The agony and the pride of being a Jew in America

The agonizing reality is that no matter how polite one is—no matter how humanistic, how compassionate—there will be those who single us out for hatred simply because we are Jews.

Jewish men wearing kipahs. Credit: David Berkowitz via Wikimedia Commons.
Jewish men wearing kipahs. Credit: David Berkowitz via Wikimedia Commons.
Sarah N. Stern
Sarah N. Stern
Sarah N. Stern is the founder and president of the Endowment for Middle East Truth (EMET), a think tank that specializes in the Middle East. She is the author of Saudi Arabia and the Global Terrorist Network (2011).  

To be a Jew today means your life will be defined by collective moments of agony and of pride. Jewish people may be admired by some for our resilience, our dignity, our courage and our tenacity to persevere in the face of a history of relentless hatred, but we are still reviled by others. These are groups of people who—for reasons that only philosophers and theologians might attempt to understand—buy into grand paranoid delusions and conspiratorial theories about our people. Theories abound that Jews are responsible for everything from controlling the U.S. and world governments to spreading COVID-19 to replacing Americans with immigrants to the genocide of another people.

It all seems so familiar to us by now. Jews are attacked for the “crime” of being Jews, whether in Pittsburgh, Poway, Brooklyn, Los Angeles, Jersey City, Monsey, and now, in Colleyville, Texas. Our despair as a people was heightened this Saturday upon the news of four congregants, including the rabbi, being held hostage in their synagogue by Malik Faisal Akram for nearly 11 nerve-wracking hours.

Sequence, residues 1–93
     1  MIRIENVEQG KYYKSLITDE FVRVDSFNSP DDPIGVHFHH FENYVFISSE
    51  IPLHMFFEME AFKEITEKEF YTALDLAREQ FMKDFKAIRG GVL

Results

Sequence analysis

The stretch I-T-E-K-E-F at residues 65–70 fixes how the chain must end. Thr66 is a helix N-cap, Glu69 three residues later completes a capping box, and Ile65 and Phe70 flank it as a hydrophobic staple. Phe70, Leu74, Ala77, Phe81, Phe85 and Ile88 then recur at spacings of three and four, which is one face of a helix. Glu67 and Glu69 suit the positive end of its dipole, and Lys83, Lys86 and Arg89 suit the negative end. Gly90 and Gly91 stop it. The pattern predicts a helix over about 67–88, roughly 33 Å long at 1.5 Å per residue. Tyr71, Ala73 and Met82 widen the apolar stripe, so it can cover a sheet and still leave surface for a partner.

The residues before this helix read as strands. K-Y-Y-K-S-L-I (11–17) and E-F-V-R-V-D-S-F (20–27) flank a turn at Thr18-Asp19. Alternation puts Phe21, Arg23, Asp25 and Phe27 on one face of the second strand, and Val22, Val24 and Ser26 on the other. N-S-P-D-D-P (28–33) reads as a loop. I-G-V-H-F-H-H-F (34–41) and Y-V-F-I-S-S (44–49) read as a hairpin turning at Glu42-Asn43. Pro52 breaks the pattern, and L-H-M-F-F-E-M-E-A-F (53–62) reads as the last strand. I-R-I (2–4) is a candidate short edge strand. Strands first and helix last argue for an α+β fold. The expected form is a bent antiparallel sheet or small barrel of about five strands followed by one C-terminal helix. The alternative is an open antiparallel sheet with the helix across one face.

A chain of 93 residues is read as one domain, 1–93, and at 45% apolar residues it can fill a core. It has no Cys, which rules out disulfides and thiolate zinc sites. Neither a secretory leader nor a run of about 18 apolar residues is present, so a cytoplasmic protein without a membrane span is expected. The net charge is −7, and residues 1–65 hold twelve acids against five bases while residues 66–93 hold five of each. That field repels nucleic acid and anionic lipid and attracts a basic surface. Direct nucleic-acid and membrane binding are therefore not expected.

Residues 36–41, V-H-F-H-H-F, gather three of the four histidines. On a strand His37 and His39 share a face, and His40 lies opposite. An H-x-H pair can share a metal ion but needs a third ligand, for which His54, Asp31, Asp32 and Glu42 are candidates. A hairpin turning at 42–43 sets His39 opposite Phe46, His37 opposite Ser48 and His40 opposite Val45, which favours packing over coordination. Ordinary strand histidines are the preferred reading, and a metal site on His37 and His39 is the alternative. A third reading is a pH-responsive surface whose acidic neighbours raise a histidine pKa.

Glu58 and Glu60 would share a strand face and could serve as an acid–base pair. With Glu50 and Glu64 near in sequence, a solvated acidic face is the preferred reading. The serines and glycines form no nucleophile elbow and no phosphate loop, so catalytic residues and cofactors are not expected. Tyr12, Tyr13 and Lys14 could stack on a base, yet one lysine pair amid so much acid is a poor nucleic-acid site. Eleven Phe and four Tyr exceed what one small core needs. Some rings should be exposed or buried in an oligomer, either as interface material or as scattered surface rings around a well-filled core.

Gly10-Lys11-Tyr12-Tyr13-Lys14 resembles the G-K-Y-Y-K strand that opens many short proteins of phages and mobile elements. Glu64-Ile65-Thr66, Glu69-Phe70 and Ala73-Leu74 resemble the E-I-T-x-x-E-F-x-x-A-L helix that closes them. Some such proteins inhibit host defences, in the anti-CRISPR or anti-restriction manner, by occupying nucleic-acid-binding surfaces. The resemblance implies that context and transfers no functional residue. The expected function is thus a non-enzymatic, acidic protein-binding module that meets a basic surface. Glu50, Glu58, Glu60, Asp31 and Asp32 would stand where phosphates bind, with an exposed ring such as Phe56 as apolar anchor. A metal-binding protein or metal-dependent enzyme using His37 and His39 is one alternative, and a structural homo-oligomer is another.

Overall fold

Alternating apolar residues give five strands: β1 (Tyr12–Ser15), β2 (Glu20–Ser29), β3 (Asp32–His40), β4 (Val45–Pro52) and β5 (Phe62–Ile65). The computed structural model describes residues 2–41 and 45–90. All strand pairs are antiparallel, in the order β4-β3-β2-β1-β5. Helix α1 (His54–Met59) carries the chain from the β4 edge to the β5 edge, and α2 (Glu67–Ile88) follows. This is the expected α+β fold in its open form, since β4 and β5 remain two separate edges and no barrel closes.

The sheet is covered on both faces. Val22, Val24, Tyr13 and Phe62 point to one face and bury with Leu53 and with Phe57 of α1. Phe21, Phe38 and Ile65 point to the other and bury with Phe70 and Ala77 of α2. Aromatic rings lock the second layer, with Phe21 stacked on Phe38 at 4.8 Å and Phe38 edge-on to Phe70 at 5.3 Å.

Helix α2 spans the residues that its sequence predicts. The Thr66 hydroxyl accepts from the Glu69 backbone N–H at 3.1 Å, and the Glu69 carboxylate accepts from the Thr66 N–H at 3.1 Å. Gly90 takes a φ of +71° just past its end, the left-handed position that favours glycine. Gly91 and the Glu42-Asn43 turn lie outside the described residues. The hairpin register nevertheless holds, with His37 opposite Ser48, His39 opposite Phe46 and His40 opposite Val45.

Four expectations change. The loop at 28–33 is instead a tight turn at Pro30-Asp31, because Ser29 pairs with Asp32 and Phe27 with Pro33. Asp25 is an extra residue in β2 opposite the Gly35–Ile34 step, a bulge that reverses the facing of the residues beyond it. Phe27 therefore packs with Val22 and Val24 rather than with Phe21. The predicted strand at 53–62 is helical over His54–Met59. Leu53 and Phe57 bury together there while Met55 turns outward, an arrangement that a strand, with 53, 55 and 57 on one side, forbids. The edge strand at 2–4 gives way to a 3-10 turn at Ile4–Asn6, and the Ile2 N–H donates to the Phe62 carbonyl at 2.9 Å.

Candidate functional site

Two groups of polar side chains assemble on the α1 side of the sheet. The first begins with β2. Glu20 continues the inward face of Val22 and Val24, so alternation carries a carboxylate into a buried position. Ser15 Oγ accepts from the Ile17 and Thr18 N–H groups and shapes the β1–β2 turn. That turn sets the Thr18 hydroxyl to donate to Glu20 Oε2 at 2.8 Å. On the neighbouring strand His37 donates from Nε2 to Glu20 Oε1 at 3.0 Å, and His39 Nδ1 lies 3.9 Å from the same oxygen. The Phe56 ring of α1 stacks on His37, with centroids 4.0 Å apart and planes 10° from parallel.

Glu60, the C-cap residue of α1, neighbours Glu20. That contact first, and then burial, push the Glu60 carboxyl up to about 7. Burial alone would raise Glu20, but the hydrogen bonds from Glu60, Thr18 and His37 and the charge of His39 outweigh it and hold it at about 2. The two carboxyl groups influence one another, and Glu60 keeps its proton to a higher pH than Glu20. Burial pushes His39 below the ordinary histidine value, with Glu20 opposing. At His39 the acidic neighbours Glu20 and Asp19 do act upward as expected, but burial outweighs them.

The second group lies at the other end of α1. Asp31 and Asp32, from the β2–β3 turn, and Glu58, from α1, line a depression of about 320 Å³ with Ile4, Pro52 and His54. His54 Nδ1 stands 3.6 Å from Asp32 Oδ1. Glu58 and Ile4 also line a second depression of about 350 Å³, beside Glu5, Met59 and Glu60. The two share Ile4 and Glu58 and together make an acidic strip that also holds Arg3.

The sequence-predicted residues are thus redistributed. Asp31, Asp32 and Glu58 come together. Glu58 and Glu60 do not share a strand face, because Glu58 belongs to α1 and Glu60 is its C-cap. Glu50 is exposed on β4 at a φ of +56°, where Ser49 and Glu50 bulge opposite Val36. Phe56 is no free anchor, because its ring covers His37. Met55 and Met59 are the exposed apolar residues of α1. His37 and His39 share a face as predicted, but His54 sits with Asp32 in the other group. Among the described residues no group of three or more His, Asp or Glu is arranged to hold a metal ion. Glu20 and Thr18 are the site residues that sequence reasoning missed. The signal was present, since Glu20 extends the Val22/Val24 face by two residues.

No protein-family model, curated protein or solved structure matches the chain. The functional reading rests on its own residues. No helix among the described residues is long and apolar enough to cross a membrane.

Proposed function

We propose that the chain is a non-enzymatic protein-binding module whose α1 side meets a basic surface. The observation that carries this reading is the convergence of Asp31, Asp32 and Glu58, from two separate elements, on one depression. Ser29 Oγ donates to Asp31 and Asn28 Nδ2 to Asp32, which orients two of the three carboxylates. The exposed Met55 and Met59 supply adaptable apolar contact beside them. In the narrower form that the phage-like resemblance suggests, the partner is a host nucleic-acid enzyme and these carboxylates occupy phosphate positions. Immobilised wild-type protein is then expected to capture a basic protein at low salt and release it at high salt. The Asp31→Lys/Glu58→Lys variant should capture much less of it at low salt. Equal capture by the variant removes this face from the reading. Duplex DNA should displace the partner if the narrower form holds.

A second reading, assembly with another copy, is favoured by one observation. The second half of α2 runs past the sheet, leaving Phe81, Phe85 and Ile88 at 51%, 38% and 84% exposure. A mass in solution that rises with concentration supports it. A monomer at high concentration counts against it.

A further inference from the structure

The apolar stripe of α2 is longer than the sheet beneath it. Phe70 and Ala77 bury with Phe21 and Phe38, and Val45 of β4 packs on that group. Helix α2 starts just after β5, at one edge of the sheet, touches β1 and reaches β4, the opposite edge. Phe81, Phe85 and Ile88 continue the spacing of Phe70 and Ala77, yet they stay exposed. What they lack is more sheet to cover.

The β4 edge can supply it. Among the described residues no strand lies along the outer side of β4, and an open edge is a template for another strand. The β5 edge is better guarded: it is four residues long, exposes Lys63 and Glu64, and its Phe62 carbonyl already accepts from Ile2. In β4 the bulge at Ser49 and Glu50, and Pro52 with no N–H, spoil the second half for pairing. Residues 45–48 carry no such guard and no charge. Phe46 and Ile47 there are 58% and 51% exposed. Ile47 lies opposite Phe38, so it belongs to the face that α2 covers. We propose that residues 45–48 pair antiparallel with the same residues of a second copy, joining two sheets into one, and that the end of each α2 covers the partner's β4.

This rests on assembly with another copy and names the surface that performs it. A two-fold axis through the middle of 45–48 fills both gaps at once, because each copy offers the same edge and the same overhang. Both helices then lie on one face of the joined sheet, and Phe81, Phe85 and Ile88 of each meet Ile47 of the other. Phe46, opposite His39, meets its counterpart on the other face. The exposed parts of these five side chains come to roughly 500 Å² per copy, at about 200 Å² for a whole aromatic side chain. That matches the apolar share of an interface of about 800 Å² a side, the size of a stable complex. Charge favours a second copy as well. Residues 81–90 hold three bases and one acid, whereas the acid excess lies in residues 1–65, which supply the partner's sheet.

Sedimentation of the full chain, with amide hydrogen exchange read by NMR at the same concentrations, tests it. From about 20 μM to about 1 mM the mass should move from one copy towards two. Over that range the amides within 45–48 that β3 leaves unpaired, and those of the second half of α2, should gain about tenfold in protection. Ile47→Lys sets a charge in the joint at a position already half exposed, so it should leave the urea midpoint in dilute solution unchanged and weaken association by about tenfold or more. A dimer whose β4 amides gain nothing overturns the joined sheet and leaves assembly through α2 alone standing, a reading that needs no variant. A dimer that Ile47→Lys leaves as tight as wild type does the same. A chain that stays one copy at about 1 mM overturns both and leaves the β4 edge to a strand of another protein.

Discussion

Akram called for the freeing of his metaphorical “sister” Aafia Siddiqui, a woman known as “Lady Al-Qaeda,” who threatened to kill American officials at gunpoint in Afghanistan. She is a highly educated neuroscientist who went to MIT, holds a doctorate from Brandeis University and had designed several plans to “blow up” parts of New York. She is known to have delusional fantasies of “Americans kidnapping Muslim children and turning them into Christians.”

What is so horrific, however, is that he was not alone. In 2018, the Pakistani Senate passed a resolution calling her “Daughter of the Nation,” and Pakistani Prime Minister Imran Khan has called for her release several times.

Even more disturbing is that according to noted anti-terrorism expert Steven Emerson, the Council of American Islamic Relations (CAIR), the Islamic Circle of North America (ICNA), American Muslims for Palestine (AMP) and many other groups have lionized her, making her into a “martyr” and “victim” of “human-rights abuses” at the hands of the United States, even holding rallies on her behalf.

With the spotlight still on Colleyville, CAIR says they stand in solidarity with the congregants of Congregation Beth Israel. Yet at a rally just last month, CAIR’s Dallas-Fort Worth chapter held a rally with AMP and ICNA to free Siddiqui.